Thursday, December 27, 2012

Old friends

Last month, when I was in Chicago, my oldest friend gave birth to her third child.  It was nice to be able to be around for such a joyous occasion and to be able to meet the little munchkin (see below) who I'm fairly certain will grow up to be just as fat-cheeked, precocious and funny as her two older siblings. It was nice to feel, if only for a few days, like I could contribute to this community of old friends in a real, tangible way (as opposed to my usual virtual contributions).

Nick is literally my oldest friend. We've known each other since infanthood and from the time we entered pre-nursery to the time we graduated high school, we were pretty much inseparable. We did everything together. We were in the same class in elementary school, we went to summer camp and summer school together. Our parents attend the same synagogue, and on Saturday afternoons, either she was at my house, or I was at hers. She has an older brother my brother's age and a younger brother my sister's age. Our families just sort of fit together. We just sort of fit together. We read the same books. We played vividly imaginative games in the stands of trees in the park we called "the woods". We did strange art projects. At summer camp we protected each other- from the mean girls, from the burden of having to fit in. We both grew into smart, bookish, slightly introverted teen-agers with a core group of friends in high-school- women we still count as friends. It was good for both of us, I think, to find that we had a group; that there were like-minded people in the world. And it was good, certainly for me, that even in our group there was one person who knew me forever and ever. And while after high-school our paths diverged some, they never diverged totally. Because even though I live in Israel and she lives in Chicago, and even though I am a single woman, a refugee from academia, doing my words and food thing, with nothing to tie me down but my cat and my own unwillingness to move, and she is a mother of three, with a husband and house and a dog and degree in special education, she's still one of my best friends.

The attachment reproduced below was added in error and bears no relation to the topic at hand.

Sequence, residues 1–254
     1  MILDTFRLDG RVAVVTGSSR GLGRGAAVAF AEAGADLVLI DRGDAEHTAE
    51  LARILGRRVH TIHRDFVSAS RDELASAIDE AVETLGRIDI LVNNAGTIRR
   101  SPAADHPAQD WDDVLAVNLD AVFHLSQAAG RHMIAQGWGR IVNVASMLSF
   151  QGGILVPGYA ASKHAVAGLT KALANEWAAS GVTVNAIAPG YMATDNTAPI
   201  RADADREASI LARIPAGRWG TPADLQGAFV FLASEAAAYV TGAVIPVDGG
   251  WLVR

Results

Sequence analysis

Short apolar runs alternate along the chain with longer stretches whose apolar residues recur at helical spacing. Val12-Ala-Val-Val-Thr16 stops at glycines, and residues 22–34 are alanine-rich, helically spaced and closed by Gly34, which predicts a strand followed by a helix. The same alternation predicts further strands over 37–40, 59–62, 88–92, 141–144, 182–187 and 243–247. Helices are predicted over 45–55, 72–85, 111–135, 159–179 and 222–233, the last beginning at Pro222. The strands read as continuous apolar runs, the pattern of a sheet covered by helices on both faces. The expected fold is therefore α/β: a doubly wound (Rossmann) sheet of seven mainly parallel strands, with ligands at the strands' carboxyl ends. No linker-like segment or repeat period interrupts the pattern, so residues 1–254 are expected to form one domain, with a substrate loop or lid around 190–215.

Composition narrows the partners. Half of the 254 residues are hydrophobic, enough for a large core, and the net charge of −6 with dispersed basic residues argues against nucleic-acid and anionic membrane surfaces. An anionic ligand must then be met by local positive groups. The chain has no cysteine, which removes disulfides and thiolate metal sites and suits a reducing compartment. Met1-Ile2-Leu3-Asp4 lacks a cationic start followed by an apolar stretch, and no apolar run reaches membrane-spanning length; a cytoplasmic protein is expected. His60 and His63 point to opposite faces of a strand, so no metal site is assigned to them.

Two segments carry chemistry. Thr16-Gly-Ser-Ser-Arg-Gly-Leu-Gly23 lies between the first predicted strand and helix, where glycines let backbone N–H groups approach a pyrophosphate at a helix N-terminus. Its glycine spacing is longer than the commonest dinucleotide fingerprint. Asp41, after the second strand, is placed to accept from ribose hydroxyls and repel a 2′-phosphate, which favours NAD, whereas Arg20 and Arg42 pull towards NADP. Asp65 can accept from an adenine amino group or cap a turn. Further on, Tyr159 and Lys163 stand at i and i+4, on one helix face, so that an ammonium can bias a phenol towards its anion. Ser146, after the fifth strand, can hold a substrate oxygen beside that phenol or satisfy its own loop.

So maybe it was more than nice to have been there when her baby was born, maybe it was moving. And maybe it was moving to walk through her very adult house, with her adult kitchen and her adult furniture and her kids running under-foot and find little remnants of my childhood scattered about. A painting I painted for her hangs in her children's room. The mantel in the stairway is home to a little, odd misshapen candle- a souvenir from summer camp. And it's odd sort of thing to see your own history displayed like that in a house that isn't yours. It's an ache and a joy all and rush of care and love all at once. It's old, old friends. The oldest. And there I am, holding her baby, who's only a few days old and warm and light against my shoulder and her son and her daughter are running through the house, saying, Mommy, Mommy. Who would have thought we'd be here, in this moment? Really, who would've thought it could happen?